“By spraying poisonous chemicals on our fields and gardens, we killed the micro-organisms and bacteria that provided the glue that held the soil together in its crumb formation. … Once the micro-organisms and bacteria had been killed, their work – which was to excrete humic acids that would break down mineral elements into nutrient forms the plants could use – did not take place! … Plants grown in poor, dying or dead soil were not healthy enough to withstand cold, heat, periods without rain, or the normal range of pests, fungi, and viruses that lived in any soil. … The dead and collapsed soil we insisted on trying to grow foods in was just not capable of producing either healthy plants or healthy foods. Since insects and fungus were nature’s garbage collectors, her way of cleaning up sick, diseased, or dysfunctional plants and removing them from the landscape because they were not fit for consumption, our continued use of poisonous sprays to protect worthless crops was nothing less than ridiculous, ignorant, and doomed. … Fruits, vegetables and grains that grew from dead soil were almost as dead as the dirt they came from. Even when they looked beautiful they lacked basic levels of proteins, sugars and minerals. Worse, they contained chemical residues and other poisons. Healthy, normal amounts of protein in vegetables and fruits had to be at least 25 percent to support human life. Foods grown in these depleted soils of these United States had been at 3 percent or less for at least thirty-five years.”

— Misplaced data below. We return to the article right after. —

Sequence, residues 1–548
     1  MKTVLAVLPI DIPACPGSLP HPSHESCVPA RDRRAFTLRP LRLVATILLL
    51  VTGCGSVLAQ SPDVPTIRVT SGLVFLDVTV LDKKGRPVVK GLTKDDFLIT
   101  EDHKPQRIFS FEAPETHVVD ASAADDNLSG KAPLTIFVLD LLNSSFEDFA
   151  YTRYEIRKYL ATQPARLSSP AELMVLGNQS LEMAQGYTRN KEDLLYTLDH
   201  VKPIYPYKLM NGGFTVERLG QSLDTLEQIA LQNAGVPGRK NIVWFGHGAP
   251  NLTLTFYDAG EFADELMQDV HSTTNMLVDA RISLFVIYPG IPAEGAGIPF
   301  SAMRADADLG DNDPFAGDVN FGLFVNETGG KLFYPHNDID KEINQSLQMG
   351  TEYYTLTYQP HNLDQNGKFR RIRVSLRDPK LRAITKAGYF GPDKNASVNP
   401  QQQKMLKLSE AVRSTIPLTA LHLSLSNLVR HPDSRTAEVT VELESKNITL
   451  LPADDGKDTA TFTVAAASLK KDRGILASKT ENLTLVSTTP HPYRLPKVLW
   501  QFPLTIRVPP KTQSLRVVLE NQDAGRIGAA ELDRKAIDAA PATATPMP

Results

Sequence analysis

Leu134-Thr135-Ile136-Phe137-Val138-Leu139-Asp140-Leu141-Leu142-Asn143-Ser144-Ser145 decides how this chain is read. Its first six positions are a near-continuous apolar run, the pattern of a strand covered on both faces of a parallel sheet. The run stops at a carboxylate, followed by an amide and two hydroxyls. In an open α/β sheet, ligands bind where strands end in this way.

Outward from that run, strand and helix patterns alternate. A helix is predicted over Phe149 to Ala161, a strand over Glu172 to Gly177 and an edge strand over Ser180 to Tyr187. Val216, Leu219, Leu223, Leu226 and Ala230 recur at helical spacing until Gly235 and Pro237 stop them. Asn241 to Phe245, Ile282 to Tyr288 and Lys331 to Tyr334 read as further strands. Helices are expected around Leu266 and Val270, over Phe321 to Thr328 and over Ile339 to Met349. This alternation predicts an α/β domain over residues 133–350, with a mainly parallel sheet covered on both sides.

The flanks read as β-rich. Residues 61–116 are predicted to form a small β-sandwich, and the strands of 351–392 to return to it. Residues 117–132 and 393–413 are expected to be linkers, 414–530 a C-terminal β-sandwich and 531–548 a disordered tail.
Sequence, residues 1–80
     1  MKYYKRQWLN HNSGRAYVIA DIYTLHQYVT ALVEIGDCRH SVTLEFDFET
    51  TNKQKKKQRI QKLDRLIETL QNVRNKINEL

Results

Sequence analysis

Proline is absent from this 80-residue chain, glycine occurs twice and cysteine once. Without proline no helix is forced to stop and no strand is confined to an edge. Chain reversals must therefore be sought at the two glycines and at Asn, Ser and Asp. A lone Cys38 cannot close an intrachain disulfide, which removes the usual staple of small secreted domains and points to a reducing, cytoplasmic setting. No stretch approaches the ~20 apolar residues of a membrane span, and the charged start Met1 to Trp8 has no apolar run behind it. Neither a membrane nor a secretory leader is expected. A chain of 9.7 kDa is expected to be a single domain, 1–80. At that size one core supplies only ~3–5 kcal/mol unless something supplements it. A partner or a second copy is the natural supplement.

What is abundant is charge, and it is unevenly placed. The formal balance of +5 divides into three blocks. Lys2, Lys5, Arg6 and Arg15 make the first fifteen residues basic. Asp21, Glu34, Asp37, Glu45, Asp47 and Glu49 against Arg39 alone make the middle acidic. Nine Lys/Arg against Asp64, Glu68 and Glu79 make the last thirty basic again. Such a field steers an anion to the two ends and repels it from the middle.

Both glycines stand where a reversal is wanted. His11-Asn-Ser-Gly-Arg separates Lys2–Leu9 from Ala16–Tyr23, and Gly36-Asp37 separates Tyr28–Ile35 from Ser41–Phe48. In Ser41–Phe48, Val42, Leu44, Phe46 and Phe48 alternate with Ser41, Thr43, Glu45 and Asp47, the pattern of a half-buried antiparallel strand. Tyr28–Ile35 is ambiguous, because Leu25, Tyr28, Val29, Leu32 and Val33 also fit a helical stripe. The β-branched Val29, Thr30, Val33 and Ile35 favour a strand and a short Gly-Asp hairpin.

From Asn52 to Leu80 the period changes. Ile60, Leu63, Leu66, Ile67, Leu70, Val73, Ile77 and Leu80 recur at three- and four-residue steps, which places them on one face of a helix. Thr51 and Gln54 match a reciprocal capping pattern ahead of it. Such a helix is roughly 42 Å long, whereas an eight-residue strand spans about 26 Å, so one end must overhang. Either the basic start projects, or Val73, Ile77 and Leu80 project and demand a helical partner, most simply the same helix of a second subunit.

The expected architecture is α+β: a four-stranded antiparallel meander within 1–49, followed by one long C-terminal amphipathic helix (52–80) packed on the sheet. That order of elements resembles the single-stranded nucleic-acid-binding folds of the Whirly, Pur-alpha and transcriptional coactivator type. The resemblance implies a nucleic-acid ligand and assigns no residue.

Penny Kelly, The Elves of Lily Hill Farm

    And that is just proteins. Huge numbers of trace minerals are missing from these crops, leached out of the soil that hasn’t been taken care of, and further unbalanced by using NPK fertilisers with many of the essential trace elements missing. The effects of waxing or preserving fruits for storage, then gassing to ripen them only adds to the chemical imbalance.

    Fundamentally for me was this statement:

    “Most of us were paying for cheap, poisoned foods grown in depleted soils and still complaining that it cost too much to eat. No one realized that what was saved at the grocery store was being spent at the hospital.”